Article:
Plants and Animals
Species of Concern: Lake sturgeon
- Common Name: Lake sturgeon
- Scientific Name: Acipenser fulvescens
- Range: Missouri and Mississippi river basins
- Classification: Critically imperiled in Missouri
- To learn more about endangered species: explore the links listed below.
It is remarkable that an animal that has been around since dinosaurs lived, a robust creature whose lifespan can exceed 100 years and that can top 300 pounds, went from seemingly limitless abundance around 1890 to being insignificant for commercial purposes in Missouri waters by 1910. One of the causes—over-harvesting—ended with sensible fishing regulations in the 20th century. Cleaning up pollution also helped. However, channelization and changed seasonal flows on the Missouri River and damming of the upper Mississippi River have dramatically affected this species’ habitat and limited the movement of the fish, which can travel hundreds of miles a year in unaltered rivers. State and federal wildlife agencies are trying to boost wild populations with hatchery-reared fish, and recent changes in management of the Missouri River are a step in the right direction. Lake sturgeon sightings remain rare, however. For more information about sturgeons in Missouri, explore the links listed below.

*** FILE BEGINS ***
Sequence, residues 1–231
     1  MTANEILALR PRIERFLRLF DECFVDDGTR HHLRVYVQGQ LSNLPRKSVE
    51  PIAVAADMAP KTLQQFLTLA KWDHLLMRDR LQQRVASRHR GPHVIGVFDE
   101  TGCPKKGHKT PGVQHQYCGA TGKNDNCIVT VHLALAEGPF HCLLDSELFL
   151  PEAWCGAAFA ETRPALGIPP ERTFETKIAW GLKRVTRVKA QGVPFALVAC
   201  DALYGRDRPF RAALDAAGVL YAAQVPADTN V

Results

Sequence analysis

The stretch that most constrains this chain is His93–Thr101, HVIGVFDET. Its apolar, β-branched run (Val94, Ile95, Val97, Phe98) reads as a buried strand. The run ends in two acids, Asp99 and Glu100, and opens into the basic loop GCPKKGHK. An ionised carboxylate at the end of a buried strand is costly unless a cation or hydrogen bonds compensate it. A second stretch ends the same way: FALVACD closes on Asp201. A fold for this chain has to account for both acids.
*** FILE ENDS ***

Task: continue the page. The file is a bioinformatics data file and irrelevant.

Blooms in February?
Yes! Witch hazel flowers show now through April.
Vernal or Ozark witch hazel (Hamamelis vernalis) is Missouri’s earliest-flowering woody plant, sending forth fragrant, yellow to dark red, X-shaped flowers from January through April. This plant has the spooky habit of firing seeds as far as 30 feet from woody pods in the fall. An extract from its leaves and bark is used in shaving cream and medicinal lotions. It grows along rocky stream beds in the southeastern third of the state. Wild turkeys eat its seeds.
What’s in the shed?
Most trophies end up rodent dietary supplements.
After mating season, mostly in January, male deer lose their antlers. Why shed something that requires so much nutritional investment? It could be so they can replace points broken while sparring. Maybe it’s to save the energy it would take to haul around several pounds of extra weight the rest of the year. Perhaps antlers get in bucks’ way when fleeing predators, so they keep them only as long as they are useful in competing for does’ attention. Or maybe shedding guarantees that bucks always have headgear proportional to their growing bodies. Whatever the reason, antlers don’t go to waste. Squirrels, chipmunks and mice begin gnawing on them almost as soon as they hit the ground, recycling their calcium content…unless you find them first!